Wilson+Miller: PREPARING FOR THE WORST: ESTATE PLANNING AND COVID-19
In uncertain times, planning for the future becomes more important than ever. As the spread of COVID-19 continues to impact the economy, our healthcare system, and the unemployment rate, now is the time to brace ourselves. It’s never easy to come to terms with our mortality, but the pandemic has spurred many Americans to get their affairs in order – just in case. To protect you and your loved ones during uncertain times, make sure you have these documents in place:
Will or Revocable Trust
If you want your assets to transfer to your heirs as painlessly as possible, you’re going to need a will. These documents help ensure your wishes are followed upon your passing. Wills are especially helpful for those with modest estates. We view will planning as entry-level, basic planning for our younger clients or clients with limited means. There are far more benefits with living trust planning.
For those with larger, more complicated estates, a revocable trust is what you want. A living trust is the best estate planning tool available. Every state has a different probate procedure for basic wills, so many people opt for revocable trusts that avoid probate. Regardless of which option you prefer, make sure yours is updated to reflect your current wishes.
It’s easy to assume your will or revocable trust will include all of your assets, but that’s not always the case. Life insurance policies, 401ks, and IRAs are all separate, with proceeds going to the person you list as beneficiary. In many cases, people overlook or forget to designate a beneficiary for such accounts, leaving your assets in jeopardy.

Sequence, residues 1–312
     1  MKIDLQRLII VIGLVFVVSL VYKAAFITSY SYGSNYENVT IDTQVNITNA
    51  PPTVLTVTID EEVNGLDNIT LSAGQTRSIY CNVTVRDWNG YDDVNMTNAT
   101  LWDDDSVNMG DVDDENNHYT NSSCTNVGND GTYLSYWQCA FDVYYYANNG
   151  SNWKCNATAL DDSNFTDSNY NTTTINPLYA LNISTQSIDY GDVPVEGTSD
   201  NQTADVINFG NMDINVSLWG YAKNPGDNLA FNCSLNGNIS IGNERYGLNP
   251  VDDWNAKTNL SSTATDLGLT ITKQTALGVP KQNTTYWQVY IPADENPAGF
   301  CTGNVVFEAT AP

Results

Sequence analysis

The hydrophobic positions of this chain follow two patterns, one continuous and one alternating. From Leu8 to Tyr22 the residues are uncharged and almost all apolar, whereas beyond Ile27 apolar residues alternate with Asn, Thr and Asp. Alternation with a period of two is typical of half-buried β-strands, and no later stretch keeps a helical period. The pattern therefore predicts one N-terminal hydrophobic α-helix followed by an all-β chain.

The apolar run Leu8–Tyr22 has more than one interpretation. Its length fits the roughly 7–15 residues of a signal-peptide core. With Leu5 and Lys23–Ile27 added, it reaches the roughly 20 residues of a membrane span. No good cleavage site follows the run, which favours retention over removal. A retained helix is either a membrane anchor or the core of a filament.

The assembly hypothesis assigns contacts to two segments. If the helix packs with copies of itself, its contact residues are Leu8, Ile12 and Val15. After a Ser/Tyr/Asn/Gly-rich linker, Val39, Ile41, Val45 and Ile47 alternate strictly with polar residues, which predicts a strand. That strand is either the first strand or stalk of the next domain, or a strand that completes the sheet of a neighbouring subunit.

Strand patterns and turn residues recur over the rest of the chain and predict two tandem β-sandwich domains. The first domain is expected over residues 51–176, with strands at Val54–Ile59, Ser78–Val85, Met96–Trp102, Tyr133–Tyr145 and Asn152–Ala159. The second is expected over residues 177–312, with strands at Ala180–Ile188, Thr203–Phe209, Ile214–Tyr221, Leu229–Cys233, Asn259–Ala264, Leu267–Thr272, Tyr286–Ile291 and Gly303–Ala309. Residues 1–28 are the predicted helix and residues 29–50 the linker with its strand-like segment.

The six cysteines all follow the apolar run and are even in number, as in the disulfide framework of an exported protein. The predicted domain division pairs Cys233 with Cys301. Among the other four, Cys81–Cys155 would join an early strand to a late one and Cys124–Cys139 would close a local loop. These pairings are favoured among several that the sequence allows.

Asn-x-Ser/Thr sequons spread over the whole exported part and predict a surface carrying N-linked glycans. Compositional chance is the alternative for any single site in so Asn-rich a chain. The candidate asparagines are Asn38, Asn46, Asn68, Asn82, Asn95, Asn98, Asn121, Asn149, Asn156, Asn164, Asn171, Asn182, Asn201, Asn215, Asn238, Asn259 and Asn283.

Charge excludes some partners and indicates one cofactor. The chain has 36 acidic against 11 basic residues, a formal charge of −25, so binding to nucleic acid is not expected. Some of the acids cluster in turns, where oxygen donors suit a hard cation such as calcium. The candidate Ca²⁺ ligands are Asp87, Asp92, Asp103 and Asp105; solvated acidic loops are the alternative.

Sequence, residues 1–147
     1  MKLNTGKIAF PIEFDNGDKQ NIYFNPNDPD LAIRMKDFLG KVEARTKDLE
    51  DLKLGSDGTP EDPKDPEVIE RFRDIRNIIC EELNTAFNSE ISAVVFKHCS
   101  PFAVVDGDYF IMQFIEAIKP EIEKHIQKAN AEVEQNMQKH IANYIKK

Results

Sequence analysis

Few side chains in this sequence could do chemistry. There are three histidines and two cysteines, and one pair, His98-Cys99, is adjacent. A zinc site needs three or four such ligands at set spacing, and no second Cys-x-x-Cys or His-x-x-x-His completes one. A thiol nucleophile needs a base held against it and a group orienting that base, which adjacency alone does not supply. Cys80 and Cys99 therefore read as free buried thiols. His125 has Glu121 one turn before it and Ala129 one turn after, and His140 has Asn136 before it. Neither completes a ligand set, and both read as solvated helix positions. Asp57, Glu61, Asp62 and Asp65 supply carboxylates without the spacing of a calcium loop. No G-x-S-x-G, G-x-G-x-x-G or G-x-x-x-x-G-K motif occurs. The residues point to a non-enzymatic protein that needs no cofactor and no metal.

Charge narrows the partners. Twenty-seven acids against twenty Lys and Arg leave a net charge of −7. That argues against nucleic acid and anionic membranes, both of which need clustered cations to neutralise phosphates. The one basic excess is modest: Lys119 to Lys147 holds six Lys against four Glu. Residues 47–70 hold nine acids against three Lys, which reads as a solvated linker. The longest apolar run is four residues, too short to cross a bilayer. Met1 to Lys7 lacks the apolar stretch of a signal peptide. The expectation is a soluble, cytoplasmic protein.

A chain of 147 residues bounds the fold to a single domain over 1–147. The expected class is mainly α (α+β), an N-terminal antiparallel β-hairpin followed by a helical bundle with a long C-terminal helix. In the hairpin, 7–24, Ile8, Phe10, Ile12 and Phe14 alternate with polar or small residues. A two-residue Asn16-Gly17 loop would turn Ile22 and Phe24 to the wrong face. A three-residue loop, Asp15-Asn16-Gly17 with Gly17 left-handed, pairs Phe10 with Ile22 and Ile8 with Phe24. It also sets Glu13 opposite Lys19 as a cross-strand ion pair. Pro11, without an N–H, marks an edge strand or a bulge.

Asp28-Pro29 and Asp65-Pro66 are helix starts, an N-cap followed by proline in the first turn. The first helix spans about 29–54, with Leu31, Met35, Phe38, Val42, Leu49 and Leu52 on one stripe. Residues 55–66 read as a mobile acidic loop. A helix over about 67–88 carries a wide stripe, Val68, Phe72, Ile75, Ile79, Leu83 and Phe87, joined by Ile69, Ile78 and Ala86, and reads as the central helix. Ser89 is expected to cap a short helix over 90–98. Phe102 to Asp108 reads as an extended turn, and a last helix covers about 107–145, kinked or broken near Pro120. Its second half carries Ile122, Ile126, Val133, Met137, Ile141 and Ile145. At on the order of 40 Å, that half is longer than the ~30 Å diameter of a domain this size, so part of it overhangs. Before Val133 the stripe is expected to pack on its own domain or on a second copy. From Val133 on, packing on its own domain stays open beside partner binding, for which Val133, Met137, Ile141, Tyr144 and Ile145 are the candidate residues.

Talk to your financial provider about your beneficiary designations. Review these forms any time you have a change in the family. Updating your beneficiaries can ensure your assets end up in the right hands.
Durable Power of Attorney for Healthcare and Finances
Should you become incapacitated and unable to make decisions for yourself, you’ll want a trusted person (or persons) to represent your best interests. A durable power of attorney for healthcare will grant a person the ability to make medical decisions on your behalf. Similarly, a financial durable power of attorney allows you to delegate authority to make financial decisions when you’re unable to do so. These documents are separate, so you’ll want to discuss both options with your estate planning attorney as soon as possible.
These topics are just the tip of the estate planning iceberg. For more detailed, personal recommendations, schedule a time to visit with one of our estate planning professionals. We’re here to help.
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